D-H Exec to Leave for Boston

Clinical Chief Arrived in 2012

Gregg Meyer

Gregg Meyer

Lebanon — A Dartmouth-Hitchcock executive hired last year to help the organization create a new vision for a sustainable health care system in the Twin States is leaving at the end of the year to take a job in Boston.

Gregg Meyer will step down Dec. 31 to join Partners HealthCare as its chief clinical officer.

He is leaving Dartmouth-Hitchcock after a little more than a year and a half, having started there in May 2012 in the newly created position of executive vice president for population health and chief clinical officer.

In an e-mail to staff last week, Dartmouth-Hitchcock President and CEO Jim Weinstein said Meyer “took on a very important role” at Dartmouth-Hitchcock and had been “unrelentingly committed to doing the right thing.”

“No matter where he is, he will continue to be our friend and a collaborator in making a difference for all patients, their families and the communities we serve,” Weinstein said in the e-mail. “I know from our conversations that these decisions are tough, but I respect Gregg deeply and understand that this decision is the right one for him and his family.”

In a telephone interview Monday, Meyer said the decision to leave was difficult because of the “really terrific things going on up here at D-H.”

However, the opportunity to address some of the challenges facing health care providers, and on a larger scale at Partners, convinced him to leave.

“I was given an extraordinary opportunity which I don’t think is going to come my way again,” Meyer said.

Meyer worked closely with Weinstein as Dartmouth-Hitchcock looked at new models for care and studied how the health care system could lower costs while improving quality.

One of his primary charges was to steer the organization under a model of population health, a concept in which providers concentrate on improving the health outcomes of a group of people, and look at some of the social, political and environmental factors that influence their well being.

At Partners, Meyer will oversee quality and safety, two issues that he said are “nearest and dearest to my heart,” as well as population health and information technology. He will begin his new job at the end of January.

In going back to Boston, Meyer is returning to familiar territory. He came to Dartmouth-Hitchcock from Harvard Medical School and Massachusetts General Hospital. Partners HealthCare is a non-profit health system founded in 1994 by Brigham and Women’s Hospital and Massachusetts General Hospital. It includes community and specialty hospitals, a managed care organization, a physician network, community health centers, home care and other health-related entities.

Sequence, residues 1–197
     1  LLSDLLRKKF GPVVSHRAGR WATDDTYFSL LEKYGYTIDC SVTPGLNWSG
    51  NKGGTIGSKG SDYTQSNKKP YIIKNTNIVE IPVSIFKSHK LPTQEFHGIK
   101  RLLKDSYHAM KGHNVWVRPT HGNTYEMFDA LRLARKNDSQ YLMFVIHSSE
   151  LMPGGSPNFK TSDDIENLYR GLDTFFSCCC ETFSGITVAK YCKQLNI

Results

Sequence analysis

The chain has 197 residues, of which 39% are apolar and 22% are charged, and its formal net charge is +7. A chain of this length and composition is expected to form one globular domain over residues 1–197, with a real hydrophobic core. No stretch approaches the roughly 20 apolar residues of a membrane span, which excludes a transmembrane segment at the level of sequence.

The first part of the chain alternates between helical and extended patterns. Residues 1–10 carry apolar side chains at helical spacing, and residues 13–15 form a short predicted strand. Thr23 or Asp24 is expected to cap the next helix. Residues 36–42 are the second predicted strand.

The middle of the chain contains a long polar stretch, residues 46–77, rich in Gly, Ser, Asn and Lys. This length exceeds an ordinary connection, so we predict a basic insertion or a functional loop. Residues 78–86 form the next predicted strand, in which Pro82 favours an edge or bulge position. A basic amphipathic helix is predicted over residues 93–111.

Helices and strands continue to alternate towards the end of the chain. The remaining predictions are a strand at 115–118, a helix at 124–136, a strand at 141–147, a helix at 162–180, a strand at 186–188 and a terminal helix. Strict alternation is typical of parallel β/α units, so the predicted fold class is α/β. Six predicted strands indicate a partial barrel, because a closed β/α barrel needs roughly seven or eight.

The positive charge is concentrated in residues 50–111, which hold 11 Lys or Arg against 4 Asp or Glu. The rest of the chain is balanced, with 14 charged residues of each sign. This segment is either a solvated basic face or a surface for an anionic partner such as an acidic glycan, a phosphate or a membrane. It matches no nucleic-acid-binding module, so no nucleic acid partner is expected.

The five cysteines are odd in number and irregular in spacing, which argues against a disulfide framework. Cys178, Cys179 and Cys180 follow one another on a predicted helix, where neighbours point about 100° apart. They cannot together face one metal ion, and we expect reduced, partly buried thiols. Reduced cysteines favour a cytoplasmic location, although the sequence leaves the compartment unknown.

Partners is the largest private employer in Massachusetts, with approximately 60,000 employees, including physicians, nurses, scientists, and caregivers, according to the organization’s website.

Meyer said that during his time in the Upper Valley, Dartmouth-Hitchcock made significant progress toward improving efficiency and quality. It also began working on new payment models in health care. One initiative was establishing an accountable care organization, called OneCare Vermont, with Fletcher Allen Health Care in Burlington and which includes Vermont’s other hospitals.

A key part of the Affordable Care Act, accountable care organizations are aimed at reining in health care spending on Medicare patients while maintaining — maybe even improving — the quality of care. The health care providers in the ACOs then split the savings with Medicare.

Although ACOs can take different forms, the same basic principle applies to all: hospitals agree to take responsibility for the cost and quality of caring for a certain group of patients, no matter what.

Dartmouth-Hitchcock launched a “Pioneer ACO” in New Hampshire in January 2012 and this year rolled out OneCare.

“When I got here, the whole notion of doing an ACO in Vermont as part of Vermont health care reform wasn’t even a glimmer in our eye,” Meyer said. “It was not even something we’d thought of.”

Now Dartmouth-Hitchcock is considering expanding the ACO concept in Vermont, doubling or even tripling the number of patients served through that model over the coming year, he said. Other significant changes during Meyer’s tenure include partnership with Harvard Pilgrim and Elliot Health System in Manchester called “Elevate Health,” which aims to improve coordinating care for patients and lower insurance premiums.

“We’ve been able to accomplish I think a great deal over the last almost two years now,” Meyer said.

But he was also aware of the difficulties that accompany change, particularly if it came too quickly.

In a Dartmouth-Hitchcock video released shortly after his hiring, Meyer said he hoped to spend most of his time “listening” to people around Dartmouth-Hitchcock to find out what kind of changes it was prepared to make.

“You can have the best interventions and the best intentions and if the soil isn’t ready for that seed, if the culture isn’t ready, if you don’t understand the environment, you can have a spectacular failure,” Meyer said in the video. “And there’s nothing worse (than) failing with a good idea. Because what you do is you poison the well. And that you don’t have the opportunity to go back and try it again.”

No one has been hired to replace Meyer, according to Dartmouth-Hitchcock spokesman Rick Adams. It’s not even certain whether the job Meyer is leaving will continue to exist. Meyer said his departure could be an opportunity for Dartmouth-Hitchcock to restructure leadership.

“I think Dr. Weinstein will look at this as an opportunity to think about how the leadership needs to be structured moving forward,” Meyer said.

Chris Fleisher can be reached at 603-272-3229 or cfleisher@vnews.com.